The Saul R. Korey Department of Neurology

CREM - Cognitive Remediation Study

LENGTH OF STUDY 08/15–04/20
Type: R01 6R01AG050448-02
Principal Investigator: J. Verghese and R. Holtzer
Agency: National Institute on Aging

We propose to conduct the first single-blind randomized clinical trial to test the efficacy of cognitive remediation to improve mobility in seniors.  Our hypothesis is that mobility and executive function are linked via frontal cortices, basal ganglia, and their connections; and neuroplasticity can occur in these areas in response to computerized cognitive remediation (C-REM).  The Short Physical Performance Battery (SPPB) includes tests of balance, gait speed, and chair rise, and along with gait speed is recommended as a primary mobility outcome measure for clinical trials.  Our primary outcomes are SPPB and gait speed during Normal Pace Walking and Walking While Talking conditions.  Gait variables other than speed (e.g., stride length variability) increase risk of disability and falls.  Yet, impairments in these gait variables may not respond to conventional interventions such as exercise.  Hence, we will also examine C-REM effects on an expanded gait and mobility battery as secondary outcomes.  We propose to randomize 420 seniors into either an 8-week C-REM or health education program to test our predictions.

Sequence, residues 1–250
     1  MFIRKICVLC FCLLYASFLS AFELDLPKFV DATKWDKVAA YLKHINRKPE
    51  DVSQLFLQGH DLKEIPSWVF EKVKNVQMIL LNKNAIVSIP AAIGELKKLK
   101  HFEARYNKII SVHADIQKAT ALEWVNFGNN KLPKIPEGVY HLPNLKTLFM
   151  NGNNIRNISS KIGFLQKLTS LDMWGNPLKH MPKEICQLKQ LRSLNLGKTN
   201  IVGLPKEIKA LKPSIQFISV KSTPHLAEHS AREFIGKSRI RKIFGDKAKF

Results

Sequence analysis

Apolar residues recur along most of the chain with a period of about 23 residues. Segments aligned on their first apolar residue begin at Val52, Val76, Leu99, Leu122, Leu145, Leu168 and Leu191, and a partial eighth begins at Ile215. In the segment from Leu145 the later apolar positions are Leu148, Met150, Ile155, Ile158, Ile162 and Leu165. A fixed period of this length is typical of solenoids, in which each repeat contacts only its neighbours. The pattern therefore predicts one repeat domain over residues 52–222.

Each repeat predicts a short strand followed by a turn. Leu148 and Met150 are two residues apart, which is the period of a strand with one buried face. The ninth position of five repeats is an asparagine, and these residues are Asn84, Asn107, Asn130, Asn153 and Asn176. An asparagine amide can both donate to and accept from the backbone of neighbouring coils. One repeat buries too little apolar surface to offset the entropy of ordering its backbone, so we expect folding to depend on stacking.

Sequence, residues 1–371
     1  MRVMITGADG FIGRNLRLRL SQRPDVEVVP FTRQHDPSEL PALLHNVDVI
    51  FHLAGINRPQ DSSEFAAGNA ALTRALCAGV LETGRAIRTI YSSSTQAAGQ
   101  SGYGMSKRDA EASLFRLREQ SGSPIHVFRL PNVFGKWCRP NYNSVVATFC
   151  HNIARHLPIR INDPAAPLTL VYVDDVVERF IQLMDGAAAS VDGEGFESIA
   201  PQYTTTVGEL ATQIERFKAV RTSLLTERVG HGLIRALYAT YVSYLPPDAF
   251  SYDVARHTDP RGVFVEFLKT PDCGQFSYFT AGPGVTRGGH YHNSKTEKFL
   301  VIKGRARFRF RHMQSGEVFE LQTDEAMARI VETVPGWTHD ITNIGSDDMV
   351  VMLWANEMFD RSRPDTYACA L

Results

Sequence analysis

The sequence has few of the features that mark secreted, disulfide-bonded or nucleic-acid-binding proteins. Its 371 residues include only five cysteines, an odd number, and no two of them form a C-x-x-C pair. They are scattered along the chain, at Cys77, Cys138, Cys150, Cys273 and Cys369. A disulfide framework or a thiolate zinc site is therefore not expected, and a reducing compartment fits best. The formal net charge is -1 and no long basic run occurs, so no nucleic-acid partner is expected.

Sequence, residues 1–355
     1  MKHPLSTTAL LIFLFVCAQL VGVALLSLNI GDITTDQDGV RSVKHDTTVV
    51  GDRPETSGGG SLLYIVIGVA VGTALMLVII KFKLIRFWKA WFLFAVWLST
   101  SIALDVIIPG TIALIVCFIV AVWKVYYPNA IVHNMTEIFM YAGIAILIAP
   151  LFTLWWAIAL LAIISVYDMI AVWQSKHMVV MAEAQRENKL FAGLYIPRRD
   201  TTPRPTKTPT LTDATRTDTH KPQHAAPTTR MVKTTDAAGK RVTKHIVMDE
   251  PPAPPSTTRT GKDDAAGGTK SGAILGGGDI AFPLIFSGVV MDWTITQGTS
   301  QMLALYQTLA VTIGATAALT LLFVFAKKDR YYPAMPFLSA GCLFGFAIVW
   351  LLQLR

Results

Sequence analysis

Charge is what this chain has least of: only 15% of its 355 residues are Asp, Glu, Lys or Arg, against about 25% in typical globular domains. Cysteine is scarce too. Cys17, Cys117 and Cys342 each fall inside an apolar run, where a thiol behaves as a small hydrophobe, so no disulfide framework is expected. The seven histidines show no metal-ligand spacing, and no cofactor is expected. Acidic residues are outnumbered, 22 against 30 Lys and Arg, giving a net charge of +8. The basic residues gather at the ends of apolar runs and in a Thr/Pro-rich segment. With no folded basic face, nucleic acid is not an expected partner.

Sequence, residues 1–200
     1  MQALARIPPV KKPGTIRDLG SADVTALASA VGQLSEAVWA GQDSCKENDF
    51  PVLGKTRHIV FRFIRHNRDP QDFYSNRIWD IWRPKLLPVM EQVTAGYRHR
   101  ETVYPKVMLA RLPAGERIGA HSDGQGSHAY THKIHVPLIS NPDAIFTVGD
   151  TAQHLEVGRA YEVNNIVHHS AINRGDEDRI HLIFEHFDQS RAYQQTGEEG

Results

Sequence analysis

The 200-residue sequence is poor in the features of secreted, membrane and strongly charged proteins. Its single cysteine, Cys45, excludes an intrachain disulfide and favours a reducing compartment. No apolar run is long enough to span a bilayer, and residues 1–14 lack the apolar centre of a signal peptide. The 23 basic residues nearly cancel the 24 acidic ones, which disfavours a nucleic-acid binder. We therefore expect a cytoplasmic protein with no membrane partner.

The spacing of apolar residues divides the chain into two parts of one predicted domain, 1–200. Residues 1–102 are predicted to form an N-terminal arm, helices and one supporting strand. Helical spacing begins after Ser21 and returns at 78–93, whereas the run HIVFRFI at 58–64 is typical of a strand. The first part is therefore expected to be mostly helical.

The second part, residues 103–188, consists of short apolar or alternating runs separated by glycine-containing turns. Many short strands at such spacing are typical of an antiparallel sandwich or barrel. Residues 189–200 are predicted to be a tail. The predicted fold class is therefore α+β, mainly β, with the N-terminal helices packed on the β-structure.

Letter from the Chief 

New Developments

Verghese Gait Video Geriatrician Joe Verghese explains how subtle changes in gait can identify which patients are at risk for frailty – with the goal of preventing falls and mental decline. Dr. Verghese is chief of geriatrics at Einstein and Montefiore Medical Center and a professor of neurology and of medicine at Einstein. This edition of Einstein On, a research and medicine podcast, is hosted by Paul Moniz, managing director of communications and marketing at Albert Einstein College of Medicine.

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